“The Conjuring” (James Wan)- James Wan may have made his big splash with the torture porn thriller, “Saw,” but with this film and the two “Insidious” films that have bookended it, he has finally come into focus as one of the great horror directors of our time. Based on a true story, “The Conjuring” is a chilling tale of possession and supernatural hauntings that owes much to films like “The Exorcist” and “Rosemary’s Baby,” but with real-life paranormal experts Ed and Lorraine Warren (played here by Patrick Wilson and Vera Farmiga) at its center, it also becomes something of a great detective story, as well as the launching pad for what could be an amazing franchise where subtle tension (aided by Wan’s masterful use of sound design and images) is more important than blood and guts. That’s a legacy I can get behind for this smart filmmaker.

And, of course, with the new year comes new films to look forward to, so here are the 2014 movies I’m most waiting for.
1. “Captain America: The Winter Solier” (4/4) & “Guardians of the Galaxy” (8/1)- More Marvel Phase Two adventures, with Captain America (Chris Evans) looking further into the real story at S.H.I.E.L.D., and James Gunn (“Slither,” “Super”) being the writer/director to expand the cosmic side of the Marvel Universe with a band of galactic misfits including a sentient tree and a sarcastic raccoon.
2. “X-Men: Days of Future Past” (5/23)- Bryan Singer returns to the “X-Men” universe as a director for the first time in a decade with a potential game-changer for the franchise, bringing his own spin to a classic story, and bringing the casts of the original “X-Men” movies and 2011’s “X-Men: First Class” together.
3. “Rosewater” (TBD)- Comedian Jon Stewart’s first film behind the camera, based on the extraordinary true story of a journalist’s imprisonment in Iran. He’s poked fun at his on-screen film career, but I have a feeling his directorial career is going to be just fine.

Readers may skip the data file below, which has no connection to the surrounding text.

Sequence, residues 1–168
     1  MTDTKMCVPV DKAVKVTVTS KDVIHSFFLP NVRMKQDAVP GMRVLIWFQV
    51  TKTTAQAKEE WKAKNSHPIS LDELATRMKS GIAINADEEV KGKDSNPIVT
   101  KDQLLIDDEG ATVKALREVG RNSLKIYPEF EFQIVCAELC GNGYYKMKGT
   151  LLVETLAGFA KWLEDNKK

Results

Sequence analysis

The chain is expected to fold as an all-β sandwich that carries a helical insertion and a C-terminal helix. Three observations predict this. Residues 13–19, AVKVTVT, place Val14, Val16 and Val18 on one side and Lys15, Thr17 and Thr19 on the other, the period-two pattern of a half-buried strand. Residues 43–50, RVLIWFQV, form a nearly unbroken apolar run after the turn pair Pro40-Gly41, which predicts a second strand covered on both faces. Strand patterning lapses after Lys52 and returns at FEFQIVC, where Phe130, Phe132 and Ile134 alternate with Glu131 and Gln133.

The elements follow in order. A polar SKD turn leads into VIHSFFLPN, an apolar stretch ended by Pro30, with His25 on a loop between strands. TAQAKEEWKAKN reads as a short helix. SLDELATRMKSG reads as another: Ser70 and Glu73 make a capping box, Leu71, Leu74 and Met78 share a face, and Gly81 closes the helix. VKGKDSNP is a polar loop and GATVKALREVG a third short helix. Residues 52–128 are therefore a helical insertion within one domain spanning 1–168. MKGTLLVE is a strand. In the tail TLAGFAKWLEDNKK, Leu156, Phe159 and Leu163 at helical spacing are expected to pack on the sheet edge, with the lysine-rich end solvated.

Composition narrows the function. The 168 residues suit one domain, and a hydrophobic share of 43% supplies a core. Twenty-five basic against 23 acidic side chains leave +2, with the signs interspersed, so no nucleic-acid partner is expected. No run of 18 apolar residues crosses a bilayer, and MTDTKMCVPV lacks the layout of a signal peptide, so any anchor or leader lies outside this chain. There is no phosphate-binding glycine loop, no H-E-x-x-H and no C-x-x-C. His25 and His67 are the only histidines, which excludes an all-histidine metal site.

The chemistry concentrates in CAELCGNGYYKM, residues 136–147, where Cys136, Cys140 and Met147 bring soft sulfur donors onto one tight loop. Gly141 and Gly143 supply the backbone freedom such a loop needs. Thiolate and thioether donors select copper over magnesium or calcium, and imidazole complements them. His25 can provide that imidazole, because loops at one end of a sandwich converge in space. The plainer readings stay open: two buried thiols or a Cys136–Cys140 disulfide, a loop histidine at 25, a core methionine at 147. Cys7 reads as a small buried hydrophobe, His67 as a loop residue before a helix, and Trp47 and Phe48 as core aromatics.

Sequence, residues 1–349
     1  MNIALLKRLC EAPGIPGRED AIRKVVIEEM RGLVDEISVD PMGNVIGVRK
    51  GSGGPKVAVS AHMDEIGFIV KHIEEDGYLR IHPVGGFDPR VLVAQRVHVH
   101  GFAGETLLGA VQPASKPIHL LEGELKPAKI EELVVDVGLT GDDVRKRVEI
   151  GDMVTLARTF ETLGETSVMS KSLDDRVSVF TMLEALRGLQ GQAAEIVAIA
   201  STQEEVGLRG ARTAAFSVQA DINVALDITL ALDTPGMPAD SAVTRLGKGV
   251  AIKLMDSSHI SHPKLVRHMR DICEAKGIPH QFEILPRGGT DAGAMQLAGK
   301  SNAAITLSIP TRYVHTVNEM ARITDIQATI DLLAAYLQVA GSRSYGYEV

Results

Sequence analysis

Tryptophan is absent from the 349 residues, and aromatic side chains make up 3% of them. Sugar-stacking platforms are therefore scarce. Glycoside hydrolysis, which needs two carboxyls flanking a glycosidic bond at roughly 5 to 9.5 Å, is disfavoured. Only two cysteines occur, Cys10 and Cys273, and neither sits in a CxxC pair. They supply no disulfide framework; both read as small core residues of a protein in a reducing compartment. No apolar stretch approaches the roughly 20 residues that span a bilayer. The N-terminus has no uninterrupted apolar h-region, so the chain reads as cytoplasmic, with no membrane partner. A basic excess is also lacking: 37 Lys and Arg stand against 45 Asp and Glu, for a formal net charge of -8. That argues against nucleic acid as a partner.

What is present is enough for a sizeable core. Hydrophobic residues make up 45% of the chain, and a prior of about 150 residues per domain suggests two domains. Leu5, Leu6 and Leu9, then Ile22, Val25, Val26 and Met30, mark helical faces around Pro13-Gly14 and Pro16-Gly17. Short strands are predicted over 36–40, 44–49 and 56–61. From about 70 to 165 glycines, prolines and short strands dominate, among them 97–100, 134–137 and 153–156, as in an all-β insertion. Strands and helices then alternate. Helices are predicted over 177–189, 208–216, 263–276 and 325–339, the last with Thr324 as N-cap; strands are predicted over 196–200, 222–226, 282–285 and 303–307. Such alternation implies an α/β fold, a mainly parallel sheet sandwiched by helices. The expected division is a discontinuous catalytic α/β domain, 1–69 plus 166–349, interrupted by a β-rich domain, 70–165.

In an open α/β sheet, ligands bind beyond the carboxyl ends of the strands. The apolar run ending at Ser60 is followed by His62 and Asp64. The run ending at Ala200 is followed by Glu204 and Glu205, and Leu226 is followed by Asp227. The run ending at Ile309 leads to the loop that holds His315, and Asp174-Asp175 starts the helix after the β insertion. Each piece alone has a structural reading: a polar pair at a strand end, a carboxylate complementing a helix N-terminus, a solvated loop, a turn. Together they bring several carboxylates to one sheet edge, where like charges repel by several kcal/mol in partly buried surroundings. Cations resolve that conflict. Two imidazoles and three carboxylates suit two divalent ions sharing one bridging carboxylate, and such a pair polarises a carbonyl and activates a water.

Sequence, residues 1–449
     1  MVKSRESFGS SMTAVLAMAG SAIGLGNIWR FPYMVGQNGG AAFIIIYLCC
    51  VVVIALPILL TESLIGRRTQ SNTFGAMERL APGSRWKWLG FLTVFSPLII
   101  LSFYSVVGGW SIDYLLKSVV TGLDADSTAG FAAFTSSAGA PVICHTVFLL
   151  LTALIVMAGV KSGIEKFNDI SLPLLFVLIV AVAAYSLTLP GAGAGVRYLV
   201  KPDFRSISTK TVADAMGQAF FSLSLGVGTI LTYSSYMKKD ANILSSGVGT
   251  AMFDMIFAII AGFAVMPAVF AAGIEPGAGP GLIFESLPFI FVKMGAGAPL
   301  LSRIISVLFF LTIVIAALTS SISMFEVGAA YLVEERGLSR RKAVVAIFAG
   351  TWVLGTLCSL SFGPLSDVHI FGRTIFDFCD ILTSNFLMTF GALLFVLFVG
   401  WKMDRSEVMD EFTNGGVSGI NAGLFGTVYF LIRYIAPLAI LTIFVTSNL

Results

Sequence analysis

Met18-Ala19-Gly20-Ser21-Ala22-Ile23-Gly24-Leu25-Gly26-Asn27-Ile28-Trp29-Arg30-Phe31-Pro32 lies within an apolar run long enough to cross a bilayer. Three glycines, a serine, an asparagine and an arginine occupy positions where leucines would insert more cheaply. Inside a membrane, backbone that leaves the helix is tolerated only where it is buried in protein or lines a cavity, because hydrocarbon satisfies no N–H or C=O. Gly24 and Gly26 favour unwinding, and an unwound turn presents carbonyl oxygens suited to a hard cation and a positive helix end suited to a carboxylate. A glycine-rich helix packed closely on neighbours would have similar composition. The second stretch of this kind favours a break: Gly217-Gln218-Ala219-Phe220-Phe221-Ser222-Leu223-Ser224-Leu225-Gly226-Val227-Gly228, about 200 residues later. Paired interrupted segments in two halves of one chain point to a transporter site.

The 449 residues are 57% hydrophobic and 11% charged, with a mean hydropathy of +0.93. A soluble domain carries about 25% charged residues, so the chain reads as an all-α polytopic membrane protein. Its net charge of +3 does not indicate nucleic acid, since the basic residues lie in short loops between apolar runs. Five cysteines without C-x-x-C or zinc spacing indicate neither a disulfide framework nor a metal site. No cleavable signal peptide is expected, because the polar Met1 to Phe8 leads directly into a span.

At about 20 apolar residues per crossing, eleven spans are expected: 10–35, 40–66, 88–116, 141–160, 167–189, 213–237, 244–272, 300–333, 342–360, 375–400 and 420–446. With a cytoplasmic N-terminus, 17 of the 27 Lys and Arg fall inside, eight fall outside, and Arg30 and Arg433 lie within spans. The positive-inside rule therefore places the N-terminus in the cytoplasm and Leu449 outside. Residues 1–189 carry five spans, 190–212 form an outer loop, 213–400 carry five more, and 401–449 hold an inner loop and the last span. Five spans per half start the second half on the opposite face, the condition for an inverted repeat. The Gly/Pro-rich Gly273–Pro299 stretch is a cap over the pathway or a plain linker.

4. “Jupiter Ascending” (7/18)- Andy and Lana Wachowski make their first, original sci-fi movie since “The Matrix” trilogy. I was never a big fan of that series, but after “Speed Racer” and “Cloud Atlas,” and the first trailer for this film, I can’t wait to see what the siblings have in store for us.
5. “Grand Buddhapest Hotel” (3/7)- Wes Anderson is becoming one of my favorite filmmakers after his last three, quirky films (“The Darjeeling Limited,” “Fantastic Mr. Fox,” and “Moonrise Kingdom”), and the trailer for his newest film looks like another delightful treat.
6. “The Hunger Games: Mockingjay- Part 1” (11/21)- After the unpredictable revelations at the end of “Catching Fire,” I’m looking forward to see what’s next as Katniss (Jennifer Lawrence) tries to take down the society President Snow (Donald Sutherland) is trying to maintain.
7. “The Hobbit: There and Back Again” (12/17)- Peter Jackson’s final journey to Middle Earth. ‘Nuff said.
8. “Interstellar” (11/7)- Christopher Nolan’s first film, post-“Dark Knight” trilogy. The cast is amazing, and the story (which appears to be about the space race of the ’60s) looks enticing.
9. “Inherent Vice” (TBD)- Paul Thomas Anderson’s newest film, based on a pulp detective novel, reuniting him with his “Master” star, Joaquin Phoenix.
10. “Noah” (3/28)- “Black Swan” and “The Fountain” director Darren Aronofsky takes on the Biblical story of Noah’s Ark. Based on the trailer, the tale seems well-suited for Aronofsky’s cinematic studies of obsession, but will his first big-budget epic (“The Fountain” only cost $35 million) be up to snuff? I’ll be seeing it in IMAX to find out.
11. “Godzilla” (5/16)- The teaser definitely has my attention, and already looks better than Roland Emmerich’s 1998 dud.
12. “Big Hero 6” (11/7)- Disney’s first animated Marvel movie, based on a little-known property from the comic giant. We barely know a thing about it, but I know I’m in for what could be the start of something great for the Mouse House.
13. “How to Train Your Dragon 2” (6/13)- The 2010 original is Dreamworks’s best animated feature. Period. I’m weary of them making a sequel, but from what I’ve seen, it looks like they’ve done right by the first movie.

Viva La Resistance!

Brian Skutle
www.sonic-cinema.com